Williamson has more than 4,200 discs in his collection, each with a handwritten number on the back. Each number is linked to a computer database, which lists every Frisbee in his collection by manufacturer, model number, description and weight to the nearest gram.
His obsession began at a church picnic in 1969 at Matthews Beach Park, a few blocks from his present home. "Some kids were throwing one around and I asked to try it," he recalls, speaking in the Texas drawl that's somehow managed to survive 30 years of living in the Northwest. "I threw it and it wouldn't work, even after 15 or 20 tries. But I got hooked, and I've been with it ever since."
At the Frisbee Museum, metal pie plates are stacked on a rectangular table.
"In 1871 in Bridgeport, Conn., the Frisbie Baking Co. starting baking their pies in metal pie plates. These later became toys; delivery drivers would throw them around for fun." But it wasn't until the mid- 1940s that Wham-O sought to mass produce a plastic version of the flying pie plates. The toy company was issued a misspelled patent and, because it was unable to correct the error, the trademark "Frisbee" was born.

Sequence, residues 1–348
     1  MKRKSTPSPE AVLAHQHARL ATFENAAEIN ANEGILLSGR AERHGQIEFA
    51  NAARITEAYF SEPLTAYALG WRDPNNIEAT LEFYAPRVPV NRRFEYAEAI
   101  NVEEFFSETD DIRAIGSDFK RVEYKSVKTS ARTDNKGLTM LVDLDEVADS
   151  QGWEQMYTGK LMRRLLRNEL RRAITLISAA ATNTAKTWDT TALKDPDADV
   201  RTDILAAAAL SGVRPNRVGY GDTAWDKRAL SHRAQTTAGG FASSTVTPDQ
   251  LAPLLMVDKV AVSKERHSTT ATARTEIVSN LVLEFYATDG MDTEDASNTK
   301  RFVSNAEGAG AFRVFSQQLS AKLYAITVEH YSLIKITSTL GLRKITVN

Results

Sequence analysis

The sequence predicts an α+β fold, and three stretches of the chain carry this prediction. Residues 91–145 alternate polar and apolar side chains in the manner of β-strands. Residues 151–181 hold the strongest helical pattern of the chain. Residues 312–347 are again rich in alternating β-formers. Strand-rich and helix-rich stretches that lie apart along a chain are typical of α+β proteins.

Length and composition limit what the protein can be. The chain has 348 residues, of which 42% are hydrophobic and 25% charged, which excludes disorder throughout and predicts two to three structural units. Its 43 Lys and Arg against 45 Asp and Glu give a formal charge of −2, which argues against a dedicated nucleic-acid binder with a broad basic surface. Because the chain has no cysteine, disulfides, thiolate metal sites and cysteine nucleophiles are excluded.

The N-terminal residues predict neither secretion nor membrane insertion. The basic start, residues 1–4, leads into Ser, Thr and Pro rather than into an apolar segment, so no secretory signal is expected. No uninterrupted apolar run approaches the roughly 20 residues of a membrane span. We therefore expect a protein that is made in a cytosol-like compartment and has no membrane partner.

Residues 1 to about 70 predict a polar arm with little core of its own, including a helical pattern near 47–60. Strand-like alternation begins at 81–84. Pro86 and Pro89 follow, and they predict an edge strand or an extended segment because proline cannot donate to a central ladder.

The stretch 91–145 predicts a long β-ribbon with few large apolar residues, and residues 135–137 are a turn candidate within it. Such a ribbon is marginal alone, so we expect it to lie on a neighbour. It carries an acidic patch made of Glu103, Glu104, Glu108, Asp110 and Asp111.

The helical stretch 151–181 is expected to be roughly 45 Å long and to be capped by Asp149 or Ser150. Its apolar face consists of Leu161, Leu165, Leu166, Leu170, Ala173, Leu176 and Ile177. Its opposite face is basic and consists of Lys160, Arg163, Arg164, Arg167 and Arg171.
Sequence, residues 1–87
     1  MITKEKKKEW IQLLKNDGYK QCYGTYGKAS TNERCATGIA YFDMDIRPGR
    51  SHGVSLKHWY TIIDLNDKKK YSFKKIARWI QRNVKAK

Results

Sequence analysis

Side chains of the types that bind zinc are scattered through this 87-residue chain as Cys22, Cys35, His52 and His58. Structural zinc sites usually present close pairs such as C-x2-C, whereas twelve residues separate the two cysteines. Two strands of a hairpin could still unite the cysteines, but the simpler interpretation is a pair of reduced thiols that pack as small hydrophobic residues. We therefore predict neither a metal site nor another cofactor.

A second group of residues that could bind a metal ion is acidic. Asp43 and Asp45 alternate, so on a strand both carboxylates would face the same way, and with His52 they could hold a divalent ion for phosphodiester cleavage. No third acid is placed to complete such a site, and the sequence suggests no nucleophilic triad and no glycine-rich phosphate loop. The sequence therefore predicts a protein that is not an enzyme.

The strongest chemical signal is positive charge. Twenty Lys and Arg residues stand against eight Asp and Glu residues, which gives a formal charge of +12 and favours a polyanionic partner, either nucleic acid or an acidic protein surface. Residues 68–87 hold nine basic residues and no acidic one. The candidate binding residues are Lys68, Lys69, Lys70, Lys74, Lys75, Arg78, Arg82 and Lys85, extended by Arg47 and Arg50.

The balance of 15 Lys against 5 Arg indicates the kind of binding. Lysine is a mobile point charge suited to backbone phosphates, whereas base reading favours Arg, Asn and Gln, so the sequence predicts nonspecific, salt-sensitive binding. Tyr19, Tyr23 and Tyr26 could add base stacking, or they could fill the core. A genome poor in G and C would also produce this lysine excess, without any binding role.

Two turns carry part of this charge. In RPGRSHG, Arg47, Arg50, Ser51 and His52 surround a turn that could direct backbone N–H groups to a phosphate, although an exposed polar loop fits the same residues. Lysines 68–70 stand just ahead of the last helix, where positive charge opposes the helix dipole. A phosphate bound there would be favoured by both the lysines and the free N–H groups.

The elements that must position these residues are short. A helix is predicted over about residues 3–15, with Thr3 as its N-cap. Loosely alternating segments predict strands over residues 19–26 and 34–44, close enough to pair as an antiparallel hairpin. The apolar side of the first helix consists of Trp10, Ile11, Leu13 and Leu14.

After almost three decades of collecting, Williamson's Frisbee museum boasts discs from around the world, including China, Japan, India and Russia. Each has its own story. "A friend on vacation in India found these in a toy shop," he says of two oddly shaped discs with triangular protrusions out the top.
Some have high-pitched whistles, articulated tails or running lights. Others inflate, glow in the dark, launch from a catapult or fold up to pocket-size. A Styrofoam disc bears the familiar Rolling Stones tongue; it was picked up at a Stones concert 25 years ago. Another is fitted with a small marijuana pipe. The idea here is that the wind crossing the surface of the disc keeps the embers glowing. "A guy called me a few days ago for that one," Williamson says with a coy smile. "I sold him my second-to-last one for 50 bucks."
Williamson is a retired Boeing technical writer and, at 64, is dedicated to the Frisbee life. He holds five world champion titles in professional disc golf, a sport that involves hurling small Frisbees into metal baskets. He practices with a local disc golf team four times a week and plans to attend at least 25 tournaments this year, including one in Japan. He writes for several Frisbee-related publications, 1,200 back issues of which he displays in the museum. Within a year he plans to complete his book, "The Encyclopedia of Flying Discs," which he's co-writing with a fellow Frisbee guru who lives in California. Most recently, Williamson began logging in to a flying disc electronic bulletin board, where he exchanges Frisbee-speak with Internet users around the world.
With thousands of discs ranging in age, size, shape, value, design and materials, Ralph Williamson's Frisbee Museum has a Frisbee for everyone. Even his business card is printed on a Frisbee.